Regulating the commercial space industry
Space tourism and mining asteroids are no longer the stuff of science fiction. As private companies across the U.S. and around the world prepare for space missions and moon landings, lawmakers are trying to keep up.
According to Thomson Reuters Westlaw, about 60 pieces of legislation related to space law have been proposed or enacted at the state level since 2015. Additionally, 15 such bills have been proposed or enacted at the federal level since 2015, including the U.S. Commercial Space Launch Competitiveness Act that President Obama signed into law last year.
It grants companies legal ownership over any resources they mine in space. Under international law, specifically the 1967 Outer Space Treaty that the U.S. and more than 100 other countries have signed, no companies, governments or people can own a celestial body. But the U.S. Commercial Space Launch Competitiveness Act enables space resources, such as asteroids, to be claimed.
Among the key U.S. players hoping to stake a claim is Florida-based Moon Express, which recently became the first non-governmental entity to earn approval for a robotic lunar landing. Other firms are focused on mining asteroids, including Planetary Resources in Washington and Deep Space Industries, which shares an office with NASA’s Ames Research Center in California. Another program with a NASA connection is the University of Hawaii’s Hawaii Space Exploration Analog and Simulation, which just completed a year-long Mars simulation experiment.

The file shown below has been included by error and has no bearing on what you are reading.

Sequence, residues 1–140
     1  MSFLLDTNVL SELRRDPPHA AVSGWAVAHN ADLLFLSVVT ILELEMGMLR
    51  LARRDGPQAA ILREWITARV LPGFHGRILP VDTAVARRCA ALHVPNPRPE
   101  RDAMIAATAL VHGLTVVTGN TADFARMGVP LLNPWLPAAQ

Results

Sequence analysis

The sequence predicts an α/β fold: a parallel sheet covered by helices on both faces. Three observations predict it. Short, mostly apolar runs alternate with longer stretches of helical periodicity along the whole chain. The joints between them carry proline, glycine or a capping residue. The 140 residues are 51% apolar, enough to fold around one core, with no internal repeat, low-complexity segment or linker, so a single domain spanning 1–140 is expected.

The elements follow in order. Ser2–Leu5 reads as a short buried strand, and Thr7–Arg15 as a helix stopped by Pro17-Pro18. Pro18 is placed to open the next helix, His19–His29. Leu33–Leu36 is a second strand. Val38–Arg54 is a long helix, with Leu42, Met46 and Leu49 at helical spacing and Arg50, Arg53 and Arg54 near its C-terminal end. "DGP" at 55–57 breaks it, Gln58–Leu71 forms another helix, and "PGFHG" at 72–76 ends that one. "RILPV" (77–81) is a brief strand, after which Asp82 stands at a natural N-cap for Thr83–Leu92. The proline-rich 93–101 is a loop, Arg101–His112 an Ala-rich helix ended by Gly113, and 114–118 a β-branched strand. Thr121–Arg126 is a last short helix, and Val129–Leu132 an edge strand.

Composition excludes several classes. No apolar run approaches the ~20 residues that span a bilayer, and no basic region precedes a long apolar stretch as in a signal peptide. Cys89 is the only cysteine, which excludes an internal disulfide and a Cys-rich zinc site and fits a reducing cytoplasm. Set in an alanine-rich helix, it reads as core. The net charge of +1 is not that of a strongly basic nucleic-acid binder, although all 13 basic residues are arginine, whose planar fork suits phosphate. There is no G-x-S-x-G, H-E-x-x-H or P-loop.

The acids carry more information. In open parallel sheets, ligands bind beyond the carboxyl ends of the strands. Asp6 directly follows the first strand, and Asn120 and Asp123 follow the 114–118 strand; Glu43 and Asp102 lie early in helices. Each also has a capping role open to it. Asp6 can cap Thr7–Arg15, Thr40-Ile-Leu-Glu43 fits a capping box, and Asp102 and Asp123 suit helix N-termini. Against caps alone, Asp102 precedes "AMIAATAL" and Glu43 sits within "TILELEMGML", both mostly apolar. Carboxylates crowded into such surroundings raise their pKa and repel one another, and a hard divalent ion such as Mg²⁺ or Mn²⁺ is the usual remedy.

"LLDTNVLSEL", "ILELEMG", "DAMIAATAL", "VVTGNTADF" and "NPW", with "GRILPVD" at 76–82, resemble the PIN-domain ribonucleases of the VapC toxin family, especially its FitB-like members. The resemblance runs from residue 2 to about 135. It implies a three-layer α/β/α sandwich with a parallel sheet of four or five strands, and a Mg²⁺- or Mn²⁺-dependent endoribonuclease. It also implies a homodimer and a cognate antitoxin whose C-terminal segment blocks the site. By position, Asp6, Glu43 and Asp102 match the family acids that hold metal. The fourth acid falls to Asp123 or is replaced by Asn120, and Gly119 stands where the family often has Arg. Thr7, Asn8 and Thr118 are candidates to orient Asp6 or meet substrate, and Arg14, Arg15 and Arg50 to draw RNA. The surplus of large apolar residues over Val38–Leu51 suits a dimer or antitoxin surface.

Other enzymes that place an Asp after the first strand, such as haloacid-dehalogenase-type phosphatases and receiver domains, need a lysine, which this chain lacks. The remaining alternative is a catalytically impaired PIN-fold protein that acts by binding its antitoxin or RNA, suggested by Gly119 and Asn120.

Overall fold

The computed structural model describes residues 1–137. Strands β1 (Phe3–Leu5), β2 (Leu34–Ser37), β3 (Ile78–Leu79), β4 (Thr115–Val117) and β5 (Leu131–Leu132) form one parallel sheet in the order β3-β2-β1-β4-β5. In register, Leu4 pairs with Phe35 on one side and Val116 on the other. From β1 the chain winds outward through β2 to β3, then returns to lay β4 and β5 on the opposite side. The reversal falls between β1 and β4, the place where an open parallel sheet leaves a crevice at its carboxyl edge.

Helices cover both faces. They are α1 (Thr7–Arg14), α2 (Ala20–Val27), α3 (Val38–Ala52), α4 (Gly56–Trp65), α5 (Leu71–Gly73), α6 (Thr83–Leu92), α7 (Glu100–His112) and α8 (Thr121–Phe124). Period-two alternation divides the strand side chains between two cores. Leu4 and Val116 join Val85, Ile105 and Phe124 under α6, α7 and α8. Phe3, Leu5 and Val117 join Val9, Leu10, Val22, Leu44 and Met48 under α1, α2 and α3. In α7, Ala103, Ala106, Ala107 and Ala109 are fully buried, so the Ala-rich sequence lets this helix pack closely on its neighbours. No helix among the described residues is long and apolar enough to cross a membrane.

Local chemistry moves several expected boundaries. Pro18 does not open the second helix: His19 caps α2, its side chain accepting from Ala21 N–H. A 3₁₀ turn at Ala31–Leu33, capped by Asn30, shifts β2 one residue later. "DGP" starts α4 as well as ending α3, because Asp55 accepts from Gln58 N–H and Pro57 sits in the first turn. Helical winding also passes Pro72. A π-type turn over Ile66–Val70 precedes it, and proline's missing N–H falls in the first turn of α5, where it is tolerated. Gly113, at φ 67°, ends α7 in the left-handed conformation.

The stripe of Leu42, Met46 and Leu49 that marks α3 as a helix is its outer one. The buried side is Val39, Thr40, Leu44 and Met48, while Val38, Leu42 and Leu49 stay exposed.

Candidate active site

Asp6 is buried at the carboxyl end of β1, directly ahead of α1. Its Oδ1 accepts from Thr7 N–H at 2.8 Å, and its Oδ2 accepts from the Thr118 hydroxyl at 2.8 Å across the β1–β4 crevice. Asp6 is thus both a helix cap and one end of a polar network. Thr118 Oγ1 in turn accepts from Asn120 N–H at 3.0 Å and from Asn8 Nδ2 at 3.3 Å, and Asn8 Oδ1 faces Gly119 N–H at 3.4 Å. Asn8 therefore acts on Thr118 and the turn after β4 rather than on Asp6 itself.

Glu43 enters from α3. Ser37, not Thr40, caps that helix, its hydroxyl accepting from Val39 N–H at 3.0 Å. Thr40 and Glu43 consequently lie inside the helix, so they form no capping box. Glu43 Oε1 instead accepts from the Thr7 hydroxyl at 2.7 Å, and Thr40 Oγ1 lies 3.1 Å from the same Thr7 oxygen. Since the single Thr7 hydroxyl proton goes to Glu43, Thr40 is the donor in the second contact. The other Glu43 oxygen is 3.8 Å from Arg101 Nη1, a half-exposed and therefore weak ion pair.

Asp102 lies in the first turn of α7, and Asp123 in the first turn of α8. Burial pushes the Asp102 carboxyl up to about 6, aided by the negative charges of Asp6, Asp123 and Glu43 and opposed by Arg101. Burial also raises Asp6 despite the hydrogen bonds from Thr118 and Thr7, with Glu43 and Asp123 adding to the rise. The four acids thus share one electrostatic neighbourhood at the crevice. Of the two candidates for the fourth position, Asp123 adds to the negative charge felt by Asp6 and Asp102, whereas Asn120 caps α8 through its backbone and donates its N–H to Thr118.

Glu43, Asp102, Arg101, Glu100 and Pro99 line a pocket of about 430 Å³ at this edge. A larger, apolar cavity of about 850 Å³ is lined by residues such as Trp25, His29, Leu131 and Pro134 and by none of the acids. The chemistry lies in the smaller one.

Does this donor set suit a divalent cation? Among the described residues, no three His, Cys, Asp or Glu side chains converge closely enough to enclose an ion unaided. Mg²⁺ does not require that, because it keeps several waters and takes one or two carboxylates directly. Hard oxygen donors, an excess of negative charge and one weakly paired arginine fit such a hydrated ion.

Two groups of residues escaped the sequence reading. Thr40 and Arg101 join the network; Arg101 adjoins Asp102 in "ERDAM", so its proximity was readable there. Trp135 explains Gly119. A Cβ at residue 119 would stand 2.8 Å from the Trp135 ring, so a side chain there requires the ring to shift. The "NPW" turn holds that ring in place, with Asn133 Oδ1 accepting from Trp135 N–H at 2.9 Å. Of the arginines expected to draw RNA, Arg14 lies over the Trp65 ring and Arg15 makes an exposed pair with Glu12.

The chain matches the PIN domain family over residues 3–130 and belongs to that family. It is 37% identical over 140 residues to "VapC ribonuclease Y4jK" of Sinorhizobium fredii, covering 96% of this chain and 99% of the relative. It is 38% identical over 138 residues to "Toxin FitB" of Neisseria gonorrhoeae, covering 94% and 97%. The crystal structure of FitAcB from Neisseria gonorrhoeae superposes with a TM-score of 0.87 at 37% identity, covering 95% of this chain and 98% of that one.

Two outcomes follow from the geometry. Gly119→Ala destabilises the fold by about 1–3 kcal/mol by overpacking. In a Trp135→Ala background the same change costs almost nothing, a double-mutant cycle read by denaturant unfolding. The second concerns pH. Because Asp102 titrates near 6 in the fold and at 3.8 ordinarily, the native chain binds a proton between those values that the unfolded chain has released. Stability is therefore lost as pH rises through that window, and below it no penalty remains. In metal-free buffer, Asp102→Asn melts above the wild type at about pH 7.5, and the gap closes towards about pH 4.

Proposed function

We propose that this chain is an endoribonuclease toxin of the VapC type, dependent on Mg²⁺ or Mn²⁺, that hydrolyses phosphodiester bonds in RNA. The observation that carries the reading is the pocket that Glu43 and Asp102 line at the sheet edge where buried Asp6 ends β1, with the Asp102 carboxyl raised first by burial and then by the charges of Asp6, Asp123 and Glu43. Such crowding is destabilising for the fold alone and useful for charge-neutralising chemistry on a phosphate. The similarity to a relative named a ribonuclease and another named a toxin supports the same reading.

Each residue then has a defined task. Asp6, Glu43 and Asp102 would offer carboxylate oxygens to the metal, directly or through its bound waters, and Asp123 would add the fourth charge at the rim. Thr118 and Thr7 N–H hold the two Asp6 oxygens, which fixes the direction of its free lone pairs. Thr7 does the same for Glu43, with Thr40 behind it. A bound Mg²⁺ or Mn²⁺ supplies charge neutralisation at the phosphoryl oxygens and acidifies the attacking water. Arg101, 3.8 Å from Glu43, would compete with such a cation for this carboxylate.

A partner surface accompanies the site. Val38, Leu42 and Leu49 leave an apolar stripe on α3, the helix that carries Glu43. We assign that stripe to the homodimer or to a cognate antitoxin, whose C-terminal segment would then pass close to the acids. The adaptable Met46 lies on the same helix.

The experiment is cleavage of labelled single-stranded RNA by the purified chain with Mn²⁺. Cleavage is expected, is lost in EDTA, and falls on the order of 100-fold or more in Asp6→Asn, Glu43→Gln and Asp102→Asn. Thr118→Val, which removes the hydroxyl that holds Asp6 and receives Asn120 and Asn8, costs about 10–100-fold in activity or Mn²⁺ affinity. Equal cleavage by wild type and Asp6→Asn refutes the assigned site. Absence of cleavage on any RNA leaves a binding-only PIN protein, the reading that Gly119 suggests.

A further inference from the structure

Hawaii has been the most active state in terms of legislative proposals geared toward the space exploration industry. Since 2015, Hawaiian lawmakers have introduced several proposals, including 2015 Hawaii House Resolution No. 26-16, to capitalize on the potential benefits a growing commercial aerospace industry could bring to the state. At least eight other states – Arizona, California, Florida, Georgia, New Mexico, Massachusetts, Virginia and Washington – also proposed legislation related to the commercial space industry.
With global competitions like Google’s Lunar X Prize spurring on the race to space, the volume of legislation at the state, federal and international levels will likely increase as lawmakers try to keep pace with explorers and entrepreneurs.